Towards the end of last week America bombed Syria and US nonfarm payrolls fell well short of forecast. Traditionally a combination like that would have sent the yen through the roof and the stock market through the floor. Not this time though.
As far as the bombing of the Al-Shayrat airfield was concerned, investors did not see it as part of any bigger strategy to commit US forces to Syria. The action also had bipartisan support: Hillary Clinton advocated just such an approach shortly before the attack went ahead. It is also possible that investors were heartened by the evidence that Donald Trump is not as committed to geopolitical disengagement as he had led them to believe.
Investors' reaction to the US employment data for March was initially one of confusion. It took them several minutes to weigh up nonfarm payrolls which, including revisions to earlier months, were 120k fewer than they had expected. When balanced by a fall in unemployment to 4.5%, its lowest level in nearly ten years, they decided it was alright. There was nothing in the numbers to worry the Federal Reserve or to divert it from its move towards tighter monetary policy.
After reading Wednesday's FOMC minutes investors had been concerned that the Fed's push for higher interest rates would be diluted by a desire to "normalize" its balance sheet by running down its stock of bonds. On Friday the president of the New York Fed played down that worry.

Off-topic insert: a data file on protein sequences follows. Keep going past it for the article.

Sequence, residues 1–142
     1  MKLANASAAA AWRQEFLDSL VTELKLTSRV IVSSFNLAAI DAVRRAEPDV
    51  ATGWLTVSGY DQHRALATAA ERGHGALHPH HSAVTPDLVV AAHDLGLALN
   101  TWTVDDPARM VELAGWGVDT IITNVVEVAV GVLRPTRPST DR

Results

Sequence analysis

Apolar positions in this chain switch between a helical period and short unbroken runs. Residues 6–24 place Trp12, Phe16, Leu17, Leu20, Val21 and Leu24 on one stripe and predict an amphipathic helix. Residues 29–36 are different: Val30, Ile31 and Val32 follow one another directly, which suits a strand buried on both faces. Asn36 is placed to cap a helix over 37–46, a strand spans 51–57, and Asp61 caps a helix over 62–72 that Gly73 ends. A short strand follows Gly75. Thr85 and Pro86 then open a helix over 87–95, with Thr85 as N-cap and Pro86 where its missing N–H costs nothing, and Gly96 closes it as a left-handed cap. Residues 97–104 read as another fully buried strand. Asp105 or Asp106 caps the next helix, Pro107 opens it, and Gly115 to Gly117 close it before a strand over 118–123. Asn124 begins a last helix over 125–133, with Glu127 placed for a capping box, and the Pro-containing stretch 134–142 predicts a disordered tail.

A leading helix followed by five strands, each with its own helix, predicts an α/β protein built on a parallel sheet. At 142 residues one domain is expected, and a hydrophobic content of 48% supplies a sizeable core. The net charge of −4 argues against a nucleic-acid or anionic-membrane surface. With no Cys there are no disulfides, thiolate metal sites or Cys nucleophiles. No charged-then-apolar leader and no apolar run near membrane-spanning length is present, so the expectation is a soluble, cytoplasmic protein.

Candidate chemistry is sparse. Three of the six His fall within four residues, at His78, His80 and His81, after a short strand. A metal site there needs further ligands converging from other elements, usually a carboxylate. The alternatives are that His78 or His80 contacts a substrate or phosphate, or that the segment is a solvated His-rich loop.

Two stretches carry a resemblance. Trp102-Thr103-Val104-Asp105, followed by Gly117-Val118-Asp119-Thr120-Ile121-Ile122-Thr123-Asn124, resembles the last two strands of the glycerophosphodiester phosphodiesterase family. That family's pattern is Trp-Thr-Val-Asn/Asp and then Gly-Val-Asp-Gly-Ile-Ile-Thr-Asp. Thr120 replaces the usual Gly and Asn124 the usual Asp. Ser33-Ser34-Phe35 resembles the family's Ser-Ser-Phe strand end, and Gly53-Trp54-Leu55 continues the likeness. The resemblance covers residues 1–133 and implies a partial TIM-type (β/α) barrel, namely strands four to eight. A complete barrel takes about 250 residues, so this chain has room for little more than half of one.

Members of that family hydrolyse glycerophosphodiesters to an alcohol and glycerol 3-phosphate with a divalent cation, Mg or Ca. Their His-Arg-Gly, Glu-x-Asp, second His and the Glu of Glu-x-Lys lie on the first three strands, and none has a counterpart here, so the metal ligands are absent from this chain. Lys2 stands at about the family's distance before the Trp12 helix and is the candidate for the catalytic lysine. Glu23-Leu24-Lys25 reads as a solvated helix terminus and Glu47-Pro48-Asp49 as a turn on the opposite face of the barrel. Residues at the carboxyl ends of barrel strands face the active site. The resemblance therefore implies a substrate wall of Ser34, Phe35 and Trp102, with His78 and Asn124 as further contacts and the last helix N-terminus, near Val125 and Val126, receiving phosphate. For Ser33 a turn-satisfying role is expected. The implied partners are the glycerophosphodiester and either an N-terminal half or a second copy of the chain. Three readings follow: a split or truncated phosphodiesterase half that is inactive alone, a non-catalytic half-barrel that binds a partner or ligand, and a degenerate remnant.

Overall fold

William Dudley emphasised that any pause in the process of raising rates would be a "little pause". Investors were still left with the idea that there might be only one more increase this year but were reassured that there would be more to come. Another boost to confidence came from the outcome of the meeting between Donald Trump and Xi Jinping: they agreed to hold trade talks, aiming to deliver results within 100 days.
As a result the US dollar was Friday's top performer, strengthening by four fifths of a cent against sterling and two thirds of a cent against the euro. The Loonie was close behind, helped by the positive news from the States and by a strongish 19.4k rise in Canadian employment.
Word from the chair
A thin agenda today includes nothing likely to set pulses racing during the London session. The highlight does not come until this evening, when Federal Reserve chairperson Janet Yellen will be speaking at the University of Michigan.
Ms Yellen will also be taking questions. So if she doesn't mention the balance sheet/ interest rate trade-off during her speech she will doubtless be tackled on the subject during Q&A.
Today's trickle of ecostats began with mortgage lending falling by a monthly -0.5% in Australia and continued with Norwegian inflation slowing from 2.5% to 2.4%. This morning Italy and Greece report on industrial production and Sentix releases its investor confidence figure for Euroland. Canadian housing starts come out after lunch.